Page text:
Use this URL to cite or link to this record in EThOS: http://ethos.bl.uk/OrderDetails.do?uin=uk.bl.ethos.705821
Title: Understanding how health systems providing ART in sub-Saharan Africa can generate even greater health benefits for their communities
Author: Olney, Jack Joshua
ISNI:       0000 0004 6061 6536
Awarding Body: Imperial College London
Current Institution: Imperial College London
Date of Award: 2016
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Abstract:
With the rapid scale up of testing and treatment for HIV, morbidity and mortality in sub-Saharan Africa have decreased dramatically. However, current treatment programmes providing ART are not maximally effective: they fail to identify infected individuals in a timely manner, resulting in millions of new infections and AIDS-related deaths per year. This thesis investigates why care programmes in sub-Saharan Africa do not succeed in achieving the full potential effects of ART - on both the risk of death and of onward transmission - and what can be done about it. I begin by exploring current treatment programmes using a framework known as the 'Cascade of Care', before detailing the development of an individual-based model that is able to track patients through care in western Kenya. I conclude that weaknesses exist throughout, attenuating the impact of individual interventions. However, a combination of interventions can improve patient outcomes more efficiently. I then find that through temporal and structural enhancements to the timing of home-based counselling and testing rounds, the UNAIDS 90-90-90 targets (90% of people with HIV diagnosed, 90% of those on treatment, and 90% of them virally suppressed) can be met by 2020. Finally, I explore the deficiencies in care across multiple countries utilising a simplified model encapsulating the concepts of the original but suitable for use with routinely available data. Overall, I conclude that current ART programmes in sub-Saharan Africa are not maximally effective due to deficiencies throughout care. However, I find that combinations of interventions targeting multiple aspects of care provide greater health outcomes (for a given cost) than 'wide-scale test and treat' without accompanying fixes to the cascade, or interventions acting independently. International guidance for countries implementing ART programmes should recommend strengthening care across the cascade to generate greater patient outcomes and achieve international targets.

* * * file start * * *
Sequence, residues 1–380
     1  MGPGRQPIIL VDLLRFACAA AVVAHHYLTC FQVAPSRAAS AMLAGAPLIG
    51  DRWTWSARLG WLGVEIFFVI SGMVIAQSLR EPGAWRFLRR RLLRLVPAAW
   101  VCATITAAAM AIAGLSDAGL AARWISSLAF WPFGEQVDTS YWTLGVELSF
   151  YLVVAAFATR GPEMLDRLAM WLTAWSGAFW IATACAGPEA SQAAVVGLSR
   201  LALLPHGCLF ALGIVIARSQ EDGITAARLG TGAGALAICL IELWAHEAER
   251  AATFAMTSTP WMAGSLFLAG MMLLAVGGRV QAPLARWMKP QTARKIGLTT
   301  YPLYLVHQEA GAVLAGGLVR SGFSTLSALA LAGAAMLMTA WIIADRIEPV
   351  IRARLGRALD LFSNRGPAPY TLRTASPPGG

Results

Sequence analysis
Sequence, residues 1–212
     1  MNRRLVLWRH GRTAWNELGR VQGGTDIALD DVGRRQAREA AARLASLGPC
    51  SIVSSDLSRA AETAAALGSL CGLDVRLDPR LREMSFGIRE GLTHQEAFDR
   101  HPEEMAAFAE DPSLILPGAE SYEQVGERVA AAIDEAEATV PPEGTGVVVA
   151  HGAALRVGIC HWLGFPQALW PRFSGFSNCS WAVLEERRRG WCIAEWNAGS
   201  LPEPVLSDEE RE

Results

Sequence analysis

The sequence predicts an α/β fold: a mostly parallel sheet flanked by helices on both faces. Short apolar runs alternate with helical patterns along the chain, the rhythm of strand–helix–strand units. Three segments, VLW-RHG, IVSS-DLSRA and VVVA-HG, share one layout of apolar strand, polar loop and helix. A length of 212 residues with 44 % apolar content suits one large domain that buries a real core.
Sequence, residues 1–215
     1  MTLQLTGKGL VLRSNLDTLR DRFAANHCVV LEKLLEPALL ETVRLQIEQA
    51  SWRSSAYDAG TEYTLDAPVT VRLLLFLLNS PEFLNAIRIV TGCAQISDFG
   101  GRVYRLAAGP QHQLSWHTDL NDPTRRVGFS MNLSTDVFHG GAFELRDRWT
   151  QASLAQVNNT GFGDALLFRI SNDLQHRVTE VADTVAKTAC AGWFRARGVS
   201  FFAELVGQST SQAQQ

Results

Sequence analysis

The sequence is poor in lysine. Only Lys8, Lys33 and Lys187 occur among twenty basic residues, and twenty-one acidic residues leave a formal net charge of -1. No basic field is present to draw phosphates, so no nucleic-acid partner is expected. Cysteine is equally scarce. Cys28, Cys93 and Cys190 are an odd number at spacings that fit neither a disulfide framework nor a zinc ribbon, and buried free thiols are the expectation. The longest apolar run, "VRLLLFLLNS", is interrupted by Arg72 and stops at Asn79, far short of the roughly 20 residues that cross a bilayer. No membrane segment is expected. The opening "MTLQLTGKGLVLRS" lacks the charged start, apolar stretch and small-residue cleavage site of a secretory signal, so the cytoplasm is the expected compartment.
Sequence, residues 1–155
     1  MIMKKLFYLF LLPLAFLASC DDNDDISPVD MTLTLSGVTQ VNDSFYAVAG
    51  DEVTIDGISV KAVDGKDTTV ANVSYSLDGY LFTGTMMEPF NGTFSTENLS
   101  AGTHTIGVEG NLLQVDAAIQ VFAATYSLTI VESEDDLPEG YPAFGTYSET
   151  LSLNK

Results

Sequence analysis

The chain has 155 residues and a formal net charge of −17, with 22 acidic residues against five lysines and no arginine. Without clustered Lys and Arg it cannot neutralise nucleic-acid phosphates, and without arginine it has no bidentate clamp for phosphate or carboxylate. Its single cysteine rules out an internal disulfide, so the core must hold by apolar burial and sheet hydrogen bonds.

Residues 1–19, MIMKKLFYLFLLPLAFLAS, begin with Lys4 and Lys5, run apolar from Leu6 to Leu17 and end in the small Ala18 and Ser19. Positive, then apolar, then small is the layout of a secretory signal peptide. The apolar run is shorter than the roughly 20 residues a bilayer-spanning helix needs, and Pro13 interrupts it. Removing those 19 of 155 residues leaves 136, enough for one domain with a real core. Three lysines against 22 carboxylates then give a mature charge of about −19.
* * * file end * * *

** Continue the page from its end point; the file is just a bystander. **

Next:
Supervisor: Hallett, Timothy ; Eaton, Jeffrey Sponsor: Bill and Melinda Gates Foundation
Qualification Name: Thesis (Ph.D.) Qualification Level: Doctoral
EThOS ID: uk.bl.ethos.705821  DOI: Not available
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